My going was spontaneous but not foolish. Before starting, I took time to slip knee-high gaiters over my waterproof boots. I dressed warmly. And then I closed the door behind me and stepped into air vaporous with snow, and so crossed a neighbor’s fields, and wended through the trees to the railroad tracks, and crossed over and down into a field where I aimed for the crest of the hill, barely visible in the snowfall. A fence blocked my passage, so, like a river seeking the path of least resistance, I turned and angled downhill, following a gulley to stand at last beneath the railroad trestle.

Where to now? Such is always the question, especially on a cold afternoon with five inches of snow on the ground and more falling so fast that it heaps on me until I become more Yeti-like than human.

A gap in a barbed wire fence catches my eye and I am gone, slipping through and up the incline to the iron rails, and thence westward past the road to the westernmost house and beyond. The storm engulfs me.

Oh, this is delicious fun. If it is indeed impossible to lose oneself in much of the conterminous lower 48, then this is the next best thing. Wilderness ready-made, the virgin wild, and none about but the hardy explorer. Which is me, and I exulting in it, the sensory overload, the tactile feel of boots sinking into drifts and the swish-swish of the sticks dragging snow. I scrutinize the patterns on the land, the pallid treeless hills, the dark timbered coulees, the sensuous curve of a streambed painted on textureless white fields, the dark splashes of cedars bowed under the weight of snow. The only movement that of myself and the inescapable crows silently winging overhead, their stygian eyes taking in this strange sight and making no remark upon it. But that will come.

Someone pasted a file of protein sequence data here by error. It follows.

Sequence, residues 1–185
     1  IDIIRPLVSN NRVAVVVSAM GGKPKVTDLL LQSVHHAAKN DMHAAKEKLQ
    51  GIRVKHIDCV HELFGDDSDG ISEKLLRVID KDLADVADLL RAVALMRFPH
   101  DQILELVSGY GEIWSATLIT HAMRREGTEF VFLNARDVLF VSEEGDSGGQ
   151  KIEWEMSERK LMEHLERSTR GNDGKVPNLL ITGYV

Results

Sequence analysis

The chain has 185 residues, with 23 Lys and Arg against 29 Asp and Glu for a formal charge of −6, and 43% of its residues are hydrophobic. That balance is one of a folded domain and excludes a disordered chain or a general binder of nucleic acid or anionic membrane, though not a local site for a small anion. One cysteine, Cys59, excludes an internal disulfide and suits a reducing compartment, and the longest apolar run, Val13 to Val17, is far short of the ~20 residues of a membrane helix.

So far I hadn’t heard their guttural calls, but when I stride out onto a vast whited field I hear one, then two. They bark sharply, as if calling attention to the figure below. A pair banks and returns as if scrutinizing me, and wheels away to disappear in the ghostly twilight. Again I make for the hill, and again a tight-strung fence blocks my way. Rebuffed, I turn back, and notice a crow sitting atop a high tree, intently watching me.

Thereafter, I am shadowed by dark shapes that swirl through the blizzard, singly, in pairs, or, once, a mob that boils over the treeline to heckle and jeer. Surely my actions are aberrant, and the crows seem intrigued by them. No matter where I trek they follow.

Snow is falling fast when I near home. Below the feeders five crows watch this apparition materialize from the storm. One utters a raucous caw, throwing its weight into the call as if coughing out a hairball. The others nod their heads and take flight, and as they circle me their shouts are unrelenting. It sounds like laughter.

When I glance in the mirror inside the front door I see a figure with snow piled on its head and shoulders, with a frozen beard dangling with unruly icicles. It is admittedly a bizarre sight, and I can’t help but join the crows in hilarity, they in flight and me grounded, our conjoined voices a rollicking wave of mirth. Lord, how we laugh.

Tuesday, December 06, 2005

New! Dispatches From Kansas the book

"Dispatches From Kansas" is now in book form!